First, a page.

Drawing on the first half of your post, I admire your arguments and ideas of why people follow the law and I agree that punishment is an extremely large part in the deterrence of crime, however, I don’t believe it is the sole factor. Of course knowing that you will get punished for doing something if you get caught will make you think twice about it before acting, however, there’s rarely only one cause for something. What’s the explanation for someone abiding by the law when they don’t yet know the punishment? Children at a young age have not yet learned what punishments will be attributed to what actions or even that there will be any punishments at all, yet they aren’t all going around breaking laws. This same effect can be seen in adults, though it is less common that an adult will still not be aware of punishment through the law. Perhaps they are traveling abroad where the law is approached differently, this change of law means that they don’t necessarily know what actions might get punished, but they will still not go around breaking what they think will be the laws.
This type of behaviour among people demonstrates that the knowledge of a punishment is not the only thing influencing people to follow the law, it is also personal reflection and morality. It may be a small part of why people abide by the law, so small that often people will disregard it or not even think of it in the first place. Nevertheless, in my opinion, it is still to be considered as part of the reason of why societies and individuals follow the law.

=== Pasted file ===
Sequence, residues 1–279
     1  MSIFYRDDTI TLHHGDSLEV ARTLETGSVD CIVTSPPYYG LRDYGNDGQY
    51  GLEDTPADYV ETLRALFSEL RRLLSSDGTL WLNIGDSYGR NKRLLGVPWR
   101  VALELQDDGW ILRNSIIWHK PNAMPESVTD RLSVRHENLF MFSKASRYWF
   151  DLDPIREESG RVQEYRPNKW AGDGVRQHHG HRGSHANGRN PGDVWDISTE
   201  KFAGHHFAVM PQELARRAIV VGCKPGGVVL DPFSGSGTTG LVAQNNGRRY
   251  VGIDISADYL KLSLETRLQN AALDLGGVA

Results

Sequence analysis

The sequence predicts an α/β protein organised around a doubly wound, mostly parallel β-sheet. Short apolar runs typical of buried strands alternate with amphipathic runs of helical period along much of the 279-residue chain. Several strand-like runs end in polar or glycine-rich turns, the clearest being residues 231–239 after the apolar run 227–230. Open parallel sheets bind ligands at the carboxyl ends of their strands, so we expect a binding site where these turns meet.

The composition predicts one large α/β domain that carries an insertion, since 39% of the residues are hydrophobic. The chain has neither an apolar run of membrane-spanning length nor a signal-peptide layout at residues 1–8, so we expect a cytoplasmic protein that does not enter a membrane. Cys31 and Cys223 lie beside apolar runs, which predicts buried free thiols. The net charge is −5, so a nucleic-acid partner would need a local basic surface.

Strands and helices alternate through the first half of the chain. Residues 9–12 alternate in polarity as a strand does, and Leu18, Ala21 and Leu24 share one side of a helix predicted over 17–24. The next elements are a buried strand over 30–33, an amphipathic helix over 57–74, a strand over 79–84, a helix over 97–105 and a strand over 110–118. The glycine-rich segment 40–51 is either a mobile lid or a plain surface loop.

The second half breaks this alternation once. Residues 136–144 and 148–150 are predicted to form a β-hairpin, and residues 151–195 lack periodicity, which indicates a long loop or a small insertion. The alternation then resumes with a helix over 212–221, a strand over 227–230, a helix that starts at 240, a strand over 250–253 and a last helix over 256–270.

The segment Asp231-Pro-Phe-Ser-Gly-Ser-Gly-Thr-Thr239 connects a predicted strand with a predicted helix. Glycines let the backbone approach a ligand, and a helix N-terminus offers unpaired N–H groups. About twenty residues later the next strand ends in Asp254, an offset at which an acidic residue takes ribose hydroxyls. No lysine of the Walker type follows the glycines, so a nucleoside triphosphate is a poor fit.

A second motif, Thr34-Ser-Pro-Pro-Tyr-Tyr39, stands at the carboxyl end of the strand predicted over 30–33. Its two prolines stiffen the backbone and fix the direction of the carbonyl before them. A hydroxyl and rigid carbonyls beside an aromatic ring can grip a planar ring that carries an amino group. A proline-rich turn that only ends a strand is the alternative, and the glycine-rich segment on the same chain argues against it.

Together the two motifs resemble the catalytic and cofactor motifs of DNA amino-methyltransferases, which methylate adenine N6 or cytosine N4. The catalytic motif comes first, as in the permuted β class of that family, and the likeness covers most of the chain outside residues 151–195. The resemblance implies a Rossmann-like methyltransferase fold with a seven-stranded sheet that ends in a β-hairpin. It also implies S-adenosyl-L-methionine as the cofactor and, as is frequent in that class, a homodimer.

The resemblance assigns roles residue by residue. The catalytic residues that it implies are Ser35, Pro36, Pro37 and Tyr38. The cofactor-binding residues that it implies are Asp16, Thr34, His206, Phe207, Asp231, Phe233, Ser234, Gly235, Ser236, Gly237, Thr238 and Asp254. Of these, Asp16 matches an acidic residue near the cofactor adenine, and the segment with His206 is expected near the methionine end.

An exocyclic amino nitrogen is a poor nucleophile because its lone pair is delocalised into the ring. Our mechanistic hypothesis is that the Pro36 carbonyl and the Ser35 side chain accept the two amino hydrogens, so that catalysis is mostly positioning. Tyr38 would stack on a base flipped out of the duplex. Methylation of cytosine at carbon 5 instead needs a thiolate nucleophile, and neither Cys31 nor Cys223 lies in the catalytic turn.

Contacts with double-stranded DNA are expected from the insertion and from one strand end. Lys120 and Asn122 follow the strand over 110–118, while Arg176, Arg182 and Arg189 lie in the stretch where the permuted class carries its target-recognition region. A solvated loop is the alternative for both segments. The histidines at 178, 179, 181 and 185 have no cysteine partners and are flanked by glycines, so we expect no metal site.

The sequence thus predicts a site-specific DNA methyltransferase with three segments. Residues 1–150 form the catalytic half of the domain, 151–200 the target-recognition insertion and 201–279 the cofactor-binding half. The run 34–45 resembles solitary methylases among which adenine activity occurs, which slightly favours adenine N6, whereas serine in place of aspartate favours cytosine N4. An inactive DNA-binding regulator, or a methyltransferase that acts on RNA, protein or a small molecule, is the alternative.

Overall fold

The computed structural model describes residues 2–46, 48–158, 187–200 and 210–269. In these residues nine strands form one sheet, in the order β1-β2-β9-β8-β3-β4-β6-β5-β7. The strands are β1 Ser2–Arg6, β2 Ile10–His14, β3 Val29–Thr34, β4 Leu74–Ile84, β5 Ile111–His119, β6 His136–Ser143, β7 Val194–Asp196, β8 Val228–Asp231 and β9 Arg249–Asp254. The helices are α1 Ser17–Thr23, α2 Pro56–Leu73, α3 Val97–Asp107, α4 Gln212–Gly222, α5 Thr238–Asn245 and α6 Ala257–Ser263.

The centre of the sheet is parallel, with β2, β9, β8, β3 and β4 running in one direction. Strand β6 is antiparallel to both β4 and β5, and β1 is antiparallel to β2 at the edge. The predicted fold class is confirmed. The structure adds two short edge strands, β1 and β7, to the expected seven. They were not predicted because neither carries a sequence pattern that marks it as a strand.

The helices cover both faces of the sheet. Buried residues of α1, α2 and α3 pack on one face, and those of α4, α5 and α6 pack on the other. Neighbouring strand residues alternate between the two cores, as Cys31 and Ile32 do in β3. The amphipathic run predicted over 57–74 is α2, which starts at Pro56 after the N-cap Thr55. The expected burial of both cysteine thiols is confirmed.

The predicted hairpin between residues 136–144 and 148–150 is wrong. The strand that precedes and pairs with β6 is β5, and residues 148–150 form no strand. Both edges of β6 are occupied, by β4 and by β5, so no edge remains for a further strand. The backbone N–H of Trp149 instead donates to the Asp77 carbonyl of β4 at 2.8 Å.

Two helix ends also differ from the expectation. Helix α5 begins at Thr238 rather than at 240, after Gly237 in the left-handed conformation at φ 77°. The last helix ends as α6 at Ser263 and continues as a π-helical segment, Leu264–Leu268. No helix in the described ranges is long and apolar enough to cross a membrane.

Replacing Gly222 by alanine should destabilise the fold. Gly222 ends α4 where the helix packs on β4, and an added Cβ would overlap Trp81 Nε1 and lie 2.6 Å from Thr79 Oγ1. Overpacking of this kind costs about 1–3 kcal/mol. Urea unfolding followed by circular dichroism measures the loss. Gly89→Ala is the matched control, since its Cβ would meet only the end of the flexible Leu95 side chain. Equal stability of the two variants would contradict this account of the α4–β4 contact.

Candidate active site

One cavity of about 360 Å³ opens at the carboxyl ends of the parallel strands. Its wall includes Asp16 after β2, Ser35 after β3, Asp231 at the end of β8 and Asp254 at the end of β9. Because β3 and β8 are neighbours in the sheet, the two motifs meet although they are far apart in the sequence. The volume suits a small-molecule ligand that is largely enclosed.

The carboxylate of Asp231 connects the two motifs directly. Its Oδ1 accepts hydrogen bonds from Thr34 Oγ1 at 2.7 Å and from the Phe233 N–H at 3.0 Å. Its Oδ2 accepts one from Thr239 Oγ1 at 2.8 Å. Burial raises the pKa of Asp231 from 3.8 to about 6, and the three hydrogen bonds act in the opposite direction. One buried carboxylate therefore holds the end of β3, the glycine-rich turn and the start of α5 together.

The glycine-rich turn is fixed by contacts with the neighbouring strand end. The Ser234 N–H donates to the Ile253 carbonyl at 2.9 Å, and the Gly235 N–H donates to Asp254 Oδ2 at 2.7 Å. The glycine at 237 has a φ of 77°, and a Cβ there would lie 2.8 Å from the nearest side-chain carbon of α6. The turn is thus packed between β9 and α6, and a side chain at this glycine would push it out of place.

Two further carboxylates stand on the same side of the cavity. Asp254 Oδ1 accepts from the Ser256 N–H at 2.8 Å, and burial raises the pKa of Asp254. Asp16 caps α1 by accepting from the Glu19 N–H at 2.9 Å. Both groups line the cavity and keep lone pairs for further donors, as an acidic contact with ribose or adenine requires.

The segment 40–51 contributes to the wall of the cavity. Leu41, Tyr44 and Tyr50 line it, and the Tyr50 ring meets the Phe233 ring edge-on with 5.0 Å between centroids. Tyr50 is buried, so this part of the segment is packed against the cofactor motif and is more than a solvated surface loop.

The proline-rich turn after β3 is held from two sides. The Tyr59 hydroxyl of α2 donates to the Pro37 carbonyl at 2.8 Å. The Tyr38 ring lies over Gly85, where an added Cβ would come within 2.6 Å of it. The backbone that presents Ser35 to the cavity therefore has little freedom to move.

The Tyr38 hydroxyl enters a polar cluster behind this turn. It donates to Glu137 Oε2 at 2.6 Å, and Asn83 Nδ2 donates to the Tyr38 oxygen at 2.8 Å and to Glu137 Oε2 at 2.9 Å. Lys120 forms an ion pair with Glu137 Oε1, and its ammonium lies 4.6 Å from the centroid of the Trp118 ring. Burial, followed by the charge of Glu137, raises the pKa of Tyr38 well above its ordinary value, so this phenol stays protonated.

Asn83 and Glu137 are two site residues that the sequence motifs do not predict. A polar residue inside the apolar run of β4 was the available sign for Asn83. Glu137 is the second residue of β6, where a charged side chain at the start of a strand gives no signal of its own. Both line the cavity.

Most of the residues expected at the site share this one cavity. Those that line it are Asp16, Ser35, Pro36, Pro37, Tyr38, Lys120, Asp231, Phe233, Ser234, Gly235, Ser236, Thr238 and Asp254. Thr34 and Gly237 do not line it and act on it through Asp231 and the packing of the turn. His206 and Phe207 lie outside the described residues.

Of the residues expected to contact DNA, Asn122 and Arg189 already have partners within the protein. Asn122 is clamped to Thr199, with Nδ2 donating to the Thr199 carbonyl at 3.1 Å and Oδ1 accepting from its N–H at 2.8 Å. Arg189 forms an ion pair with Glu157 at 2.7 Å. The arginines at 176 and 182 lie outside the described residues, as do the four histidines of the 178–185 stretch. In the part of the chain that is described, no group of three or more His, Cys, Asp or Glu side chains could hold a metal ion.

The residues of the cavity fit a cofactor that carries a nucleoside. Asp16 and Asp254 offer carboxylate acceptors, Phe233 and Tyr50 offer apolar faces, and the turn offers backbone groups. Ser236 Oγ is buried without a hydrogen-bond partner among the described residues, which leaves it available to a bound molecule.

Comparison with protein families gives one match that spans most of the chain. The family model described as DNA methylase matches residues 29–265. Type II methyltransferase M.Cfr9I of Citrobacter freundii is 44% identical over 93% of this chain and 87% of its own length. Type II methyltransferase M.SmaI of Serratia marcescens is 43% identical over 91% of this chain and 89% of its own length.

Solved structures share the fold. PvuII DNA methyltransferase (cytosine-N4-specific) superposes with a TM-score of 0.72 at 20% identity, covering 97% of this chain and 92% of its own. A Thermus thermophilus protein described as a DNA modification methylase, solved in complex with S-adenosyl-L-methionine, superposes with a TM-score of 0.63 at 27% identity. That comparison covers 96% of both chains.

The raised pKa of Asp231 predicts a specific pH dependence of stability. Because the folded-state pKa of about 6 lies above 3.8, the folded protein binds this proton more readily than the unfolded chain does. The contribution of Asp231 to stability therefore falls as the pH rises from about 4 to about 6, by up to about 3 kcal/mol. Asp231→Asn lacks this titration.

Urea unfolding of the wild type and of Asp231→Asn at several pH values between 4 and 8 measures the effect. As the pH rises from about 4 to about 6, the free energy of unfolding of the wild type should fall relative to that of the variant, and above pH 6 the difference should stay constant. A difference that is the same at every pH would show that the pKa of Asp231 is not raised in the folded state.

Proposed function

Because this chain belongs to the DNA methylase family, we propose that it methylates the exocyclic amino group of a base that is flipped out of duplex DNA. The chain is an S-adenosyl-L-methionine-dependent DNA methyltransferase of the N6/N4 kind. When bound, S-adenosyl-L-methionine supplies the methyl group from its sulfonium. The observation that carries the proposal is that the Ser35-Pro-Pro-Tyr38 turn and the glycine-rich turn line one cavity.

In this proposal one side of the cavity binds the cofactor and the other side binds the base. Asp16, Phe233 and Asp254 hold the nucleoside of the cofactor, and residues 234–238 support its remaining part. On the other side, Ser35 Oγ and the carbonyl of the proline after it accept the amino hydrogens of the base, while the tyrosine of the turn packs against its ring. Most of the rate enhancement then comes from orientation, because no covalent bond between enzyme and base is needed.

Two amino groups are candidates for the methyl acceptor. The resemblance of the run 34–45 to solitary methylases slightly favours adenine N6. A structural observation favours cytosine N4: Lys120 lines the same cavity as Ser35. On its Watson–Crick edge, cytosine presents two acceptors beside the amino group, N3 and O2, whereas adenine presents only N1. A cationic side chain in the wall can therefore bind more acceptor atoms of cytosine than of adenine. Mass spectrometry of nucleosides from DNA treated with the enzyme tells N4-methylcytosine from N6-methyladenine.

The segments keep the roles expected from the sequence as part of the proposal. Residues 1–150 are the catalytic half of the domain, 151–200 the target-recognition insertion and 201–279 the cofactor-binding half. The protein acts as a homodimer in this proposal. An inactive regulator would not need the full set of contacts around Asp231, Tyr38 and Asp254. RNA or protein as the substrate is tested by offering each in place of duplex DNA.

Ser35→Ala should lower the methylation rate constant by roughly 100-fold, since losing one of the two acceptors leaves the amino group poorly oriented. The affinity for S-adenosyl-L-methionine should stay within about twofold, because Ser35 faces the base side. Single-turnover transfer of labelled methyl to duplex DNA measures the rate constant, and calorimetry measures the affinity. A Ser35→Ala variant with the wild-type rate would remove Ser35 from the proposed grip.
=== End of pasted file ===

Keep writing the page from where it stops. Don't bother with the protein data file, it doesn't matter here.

You raise the point that in Canada we don’t face much chaos because of a more structured governmental system and thus this shows that we don’t have many people breaking laws. Presumably what you mean by chaos is things like mass shootings every second day and terrorist attacks or revolutionary wars spread across the country, in which case I agree completely. This doesn’t mean however that there aren’t rampant crimes occurring in Canada and even within the government itself. Typically the crimes seen on the news are ones that cause significant damage to a person, place or group and will have repercussions large enough to have possible international effects. We don’t often hear about the many crimes going on in our own country because they’re what are referred to as “white-collar crimes”, commit by upper class people, typically businessmen or politicians. We don’t hear about these crimes much, not only because people aren’t always directly or physically harmed by them, but also because these people are in positions of power, like in the government, and have the mean to cover up the crimes. People are also more hesitant to accuse them of something of pursue them as criminals, due to possible intimidation because of their power. We see more and more of these crimes coming to light, which shows that not all crime causes chaos or even enough tremor to make it onto the news.